Thinking for me was always a form of worry. Even as a kid I used to worry about my dad coming home late a night after drinking with the men at the Knights of Columbus. Or wondering if I would have to go to Mc Auliffe’s Tavern to bring him home for dinner. But whenever I had a spare moment there would always be thoughts to fill the time. It wasn’t all bad! I was a creative kid which would sometimes get me in trouble like the time Steven Bell from across the street and I decided to play mailman and we collected all the mail from the entire block and redelivered it to other people’s mailboxes. It was fun and we were just trying to see what it was like being mailmen. Unfortunately, our neighbors didn’t see the humor and Steve and I and my father redelivered the mail to the 30 or so houses on the block along with sincere apologies! I decided I wouldn’t be a mailman even at age 6! I did dumb stuff like this growing up, even after much thought that at the time seemed very logical!
Now some 70 years later I am still thinking a lot cause during this quarantine there isn’t much else to do. My thoughts go back to those years sometimes and sometimes they look foreword. There is a big bay window in my living room that looks over the neighborhood. I stand in the window each morning just checking things out. I have observed things I probably would not have noticed without this down time. Everything is viewed through the lens of a street kid who grew up In NYC. The first thing I realized is kids don’t play in the street anymore. We used to play catch or stick ball in the street, and when a car came somebody would yell, “Car, Car, C-A-R” and everyone would scatter to the sidewalk til it passed! We picked sides by doing Boo Boo Boo, One Potato, Two potato…..we Used Spaulding balls and we always had a bucket attached to a pole to retrieve the ball after it rolled down into the sewer. But the streets are quiet now and empty. There isn’t even much traffic!
Today, I look for neighbors to wave to or yell to. Just a connection to make me feel like part of the neighborhood- any kind of connection to help me feel like I belong.
Then my mind wanders to my family. They have all passed except for my kids but now, with all this
time on my hands I have a bunch of questions for them. Like I wonder if my grandparents ever became American citizens. What made them settle in NYC? I have a hundred questions for my dad about being on Iwo Jima during the war. And how did he get to write a column in Semper Fi Magazine. He never talked about the war. And my brother who was 8 years older than I ( pre and post war babies) said that he wasn’t the same dad who came home. They called it shell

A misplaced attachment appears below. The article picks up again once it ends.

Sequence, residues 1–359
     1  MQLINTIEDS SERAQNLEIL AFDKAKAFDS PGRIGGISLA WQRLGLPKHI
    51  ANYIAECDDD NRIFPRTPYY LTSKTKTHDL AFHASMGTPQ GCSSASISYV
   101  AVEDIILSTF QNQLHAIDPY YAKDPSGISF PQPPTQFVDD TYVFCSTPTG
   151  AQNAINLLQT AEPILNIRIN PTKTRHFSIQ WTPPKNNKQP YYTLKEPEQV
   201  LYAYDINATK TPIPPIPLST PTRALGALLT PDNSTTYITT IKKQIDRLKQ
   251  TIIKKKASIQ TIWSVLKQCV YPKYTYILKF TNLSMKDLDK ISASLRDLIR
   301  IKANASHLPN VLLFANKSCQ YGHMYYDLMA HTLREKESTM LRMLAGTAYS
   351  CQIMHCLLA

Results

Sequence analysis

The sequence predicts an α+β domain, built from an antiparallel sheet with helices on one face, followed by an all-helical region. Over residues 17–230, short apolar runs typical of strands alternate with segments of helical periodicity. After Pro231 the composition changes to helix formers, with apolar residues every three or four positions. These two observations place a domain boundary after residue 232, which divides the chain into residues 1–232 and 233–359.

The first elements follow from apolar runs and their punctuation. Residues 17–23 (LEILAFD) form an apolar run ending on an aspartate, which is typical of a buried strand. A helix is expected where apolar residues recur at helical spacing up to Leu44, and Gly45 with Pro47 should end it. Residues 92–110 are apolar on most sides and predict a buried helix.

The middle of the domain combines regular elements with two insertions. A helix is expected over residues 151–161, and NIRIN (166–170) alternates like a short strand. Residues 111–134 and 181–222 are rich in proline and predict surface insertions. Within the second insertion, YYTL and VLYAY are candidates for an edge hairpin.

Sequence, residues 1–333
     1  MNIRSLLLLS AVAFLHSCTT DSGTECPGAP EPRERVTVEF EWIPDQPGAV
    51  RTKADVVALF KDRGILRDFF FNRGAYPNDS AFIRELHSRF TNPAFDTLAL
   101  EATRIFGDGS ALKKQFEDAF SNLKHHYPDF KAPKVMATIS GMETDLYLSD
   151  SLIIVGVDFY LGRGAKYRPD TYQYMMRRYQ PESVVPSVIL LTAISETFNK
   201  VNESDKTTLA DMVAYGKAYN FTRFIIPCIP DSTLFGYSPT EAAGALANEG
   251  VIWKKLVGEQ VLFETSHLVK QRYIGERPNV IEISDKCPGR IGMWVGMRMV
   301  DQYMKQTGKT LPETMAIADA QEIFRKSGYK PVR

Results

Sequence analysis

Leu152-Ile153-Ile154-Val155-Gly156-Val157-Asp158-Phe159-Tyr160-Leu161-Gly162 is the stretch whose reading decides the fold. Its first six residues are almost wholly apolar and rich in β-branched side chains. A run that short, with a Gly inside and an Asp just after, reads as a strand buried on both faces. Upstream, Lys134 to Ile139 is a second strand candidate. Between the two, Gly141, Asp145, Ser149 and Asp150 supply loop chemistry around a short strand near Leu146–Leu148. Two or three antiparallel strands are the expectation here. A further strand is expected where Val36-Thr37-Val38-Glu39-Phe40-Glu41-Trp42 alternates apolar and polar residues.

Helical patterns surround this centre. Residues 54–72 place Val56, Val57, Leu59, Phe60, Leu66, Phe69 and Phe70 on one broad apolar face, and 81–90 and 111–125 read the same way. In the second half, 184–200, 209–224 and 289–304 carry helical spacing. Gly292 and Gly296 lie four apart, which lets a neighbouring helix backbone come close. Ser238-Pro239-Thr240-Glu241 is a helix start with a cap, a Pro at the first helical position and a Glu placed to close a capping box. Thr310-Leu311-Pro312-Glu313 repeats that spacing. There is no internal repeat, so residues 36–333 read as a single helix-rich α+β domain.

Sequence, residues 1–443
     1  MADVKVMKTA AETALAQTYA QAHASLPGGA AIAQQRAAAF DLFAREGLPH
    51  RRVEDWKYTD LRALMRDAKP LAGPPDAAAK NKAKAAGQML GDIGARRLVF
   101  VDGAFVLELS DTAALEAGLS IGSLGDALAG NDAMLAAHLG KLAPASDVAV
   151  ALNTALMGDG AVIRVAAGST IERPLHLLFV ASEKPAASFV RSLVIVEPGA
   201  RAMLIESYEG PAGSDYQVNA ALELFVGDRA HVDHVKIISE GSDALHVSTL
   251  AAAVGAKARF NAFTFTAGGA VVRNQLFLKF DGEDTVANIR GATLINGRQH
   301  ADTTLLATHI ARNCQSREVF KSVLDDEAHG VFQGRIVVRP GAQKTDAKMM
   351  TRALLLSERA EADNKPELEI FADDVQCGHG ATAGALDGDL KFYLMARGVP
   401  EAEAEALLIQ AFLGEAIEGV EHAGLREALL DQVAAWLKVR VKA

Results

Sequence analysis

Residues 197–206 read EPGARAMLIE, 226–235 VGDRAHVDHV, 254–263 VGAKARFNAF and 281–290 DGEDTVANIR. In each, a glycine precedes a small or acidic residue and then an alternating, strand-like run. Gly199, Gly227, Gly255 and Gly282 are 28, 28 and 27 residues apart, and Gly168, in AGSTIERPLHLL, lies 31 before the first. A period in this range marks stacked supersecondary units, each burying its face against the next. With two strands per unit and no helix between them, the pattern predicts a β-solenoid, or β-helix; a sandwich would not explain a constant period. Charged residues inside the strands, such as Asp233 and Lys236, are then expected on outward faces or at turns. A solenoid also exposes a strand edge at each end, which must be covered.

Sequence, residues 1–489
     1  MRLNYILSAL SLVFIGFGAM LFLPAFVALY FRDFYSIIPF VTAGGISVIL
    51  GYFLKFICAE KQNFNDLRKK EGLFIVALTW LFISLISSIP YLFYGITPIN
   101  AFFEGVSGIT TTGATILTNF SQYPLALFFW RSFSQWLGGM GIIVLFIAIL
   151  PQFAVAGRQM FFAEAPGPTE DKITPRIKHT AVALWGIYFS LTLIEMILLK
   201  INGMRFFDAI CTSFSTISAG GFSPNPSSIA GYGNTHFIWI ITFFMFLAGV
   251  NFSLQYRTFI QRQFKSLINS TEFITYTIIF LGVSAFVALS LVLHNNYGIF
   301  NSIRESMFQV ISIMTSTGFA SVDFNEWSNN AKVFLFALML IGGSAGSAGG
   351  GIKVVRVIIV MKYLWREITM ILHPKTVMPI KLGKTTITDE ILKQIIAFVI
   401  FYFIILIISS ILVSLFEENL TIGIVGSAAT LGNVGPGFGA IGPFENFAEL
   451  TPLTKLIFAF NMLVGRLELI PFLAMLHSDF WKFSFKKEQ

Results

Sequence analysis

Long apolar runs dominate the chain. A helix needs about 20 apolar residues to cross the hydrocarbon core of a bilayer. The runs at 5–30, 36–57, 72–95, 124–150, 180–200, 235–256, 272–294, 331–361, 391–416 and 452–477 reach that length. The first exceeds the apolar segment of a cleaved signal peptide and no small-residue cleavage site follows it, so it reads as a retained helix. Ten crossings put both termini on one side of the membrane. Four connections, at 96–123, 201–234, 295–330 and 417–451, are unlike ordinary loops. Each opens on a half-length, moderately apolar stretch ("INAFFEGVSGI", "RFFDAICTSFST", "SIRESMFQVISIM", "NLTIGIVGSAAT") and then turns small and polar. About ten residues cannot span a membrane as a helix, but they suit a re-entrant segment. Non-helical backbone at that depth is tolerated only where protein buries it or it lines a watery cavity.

shock back then not PTSD! Later, he wrote a column in a little local magazine called The Gramercy Graphic in NYC. My mom used to play the banjo! I never asked her why. My aunt was a tatter in a sweat shop on the lower east side. And another aunt, my mom’s sister, had a wing in the Mahanoy City Public Library named after her.. And I don’t know the answers to any of these questions!
The remainder of my day’s thoughts move to life after Corona! What will school look like? Maybe kids will start playing in the streets again? I imagine a world where people are kinder, more neighborly, helpful and friendly to one another. Unfortunately, the answers to these questions will be played out in the future. I hope when it does that younger generations can look back and remember with fondness the way I remember stoop ball or I Declare War!
Ode to A Spaldeen
George’s memory has gotten me to thinking about street play. Perhaps many of us share the memory of playing stickball in the street… if the ball went two telephone poles it was a homerun… in a fly past the second baseman (if there was one) it was a double – and so on… Sometimes we would walk to the park a couple of blocks over and play two person stickball, using the cement wall as the backstop – drawing the strike zone in chalk.
The one thing in common with many of the games – stoopball, stickball, or handball – was the gold standard Spaulding (or should I say the “pink standard”?). It bounced the best and felt just right in the hand – neither too hard nor too soft. We never bothered with the marketing name ‘hi-bounce’, but did call it the ‘spaldeen’.